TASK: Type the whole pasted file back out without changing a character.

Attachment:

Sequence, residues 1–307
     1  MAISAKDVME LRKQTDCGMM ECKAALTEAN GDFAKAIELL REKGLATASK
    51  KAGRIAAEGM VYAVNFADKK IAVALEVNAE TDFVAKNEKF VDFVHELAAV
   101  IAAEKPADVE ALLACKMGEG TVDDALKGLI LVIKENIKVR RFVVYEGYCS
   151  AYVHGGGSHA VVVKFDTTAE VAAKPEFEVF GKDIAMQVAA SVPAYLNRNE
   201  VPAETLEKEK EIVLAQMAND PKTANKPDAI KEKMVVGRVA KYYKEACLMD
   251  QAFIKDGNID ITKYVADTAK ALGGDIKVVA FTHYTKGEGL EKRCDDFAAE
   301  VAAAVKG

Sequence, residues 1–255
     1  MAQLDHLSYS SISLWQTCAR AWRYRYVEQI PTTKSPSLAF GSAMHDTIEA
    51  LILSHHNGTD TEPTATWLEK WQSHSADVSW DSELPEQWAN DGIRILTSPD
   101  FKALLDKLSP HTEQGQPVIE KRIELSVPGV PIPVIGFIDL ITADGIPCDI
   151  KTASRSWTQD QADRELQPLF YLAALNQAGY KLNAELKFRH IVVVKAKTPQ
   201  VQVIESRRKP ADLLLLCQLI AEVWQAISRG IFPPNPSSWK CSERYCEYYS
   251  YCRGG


Sequence, residues 1–307
     1  MAISAKDVME LRKQTDCGMM ECKAALTEAN GDFAKAIELL REKGLATASK
    51  KAGRIAAEGM VYAVNFADKK IAVALEVNAE TDFVAKNEKF VDFVHELAAV
   101  IAAEKPADVE ALLACKMGEG TVDDALKGLI LVIKENIKVR RFVVYEGYCS
   151  AYVHGGGSHA VVVKFDTTAE VAAKPEFEVF GKDIAMQVAA SVPAYLNRNE
   201  VPAETLEKEK EIVLAQMAND PKTANKPDAI KEKMVVGRVA KYYKEACLMD
   251  QAFIKDGNID ITKYVADTAK ALGGDIKVVA FTHYTKGEGL EKRCDDFAAE
   301  VAAAVKG

Sequence, residues 1–255
     1  MAQLDHLSYS SISLWQTCAR AWRYRYVEQI PTTKSPSLAF GSAMHDTIEA
    51  LILSHHNGTD TEPTATWLEK WQSHSADVSW DSELPEQWAN DGIRILTSPD
   101  FKALLDKLSP HTEQGQPVIE KRIELSVPGV PIPVIGFIDL ITADGIPCDI
   151  KTASRSWTQD QADRELQPLF YLAALNQAGY KLNAELKFRH IVVVKAKTPQ
   201  VQVIESRRKP ADLLLLCQLI AEVWQAISRG IFPPNPSSWK CSERYCEYYS
   251  YCRGG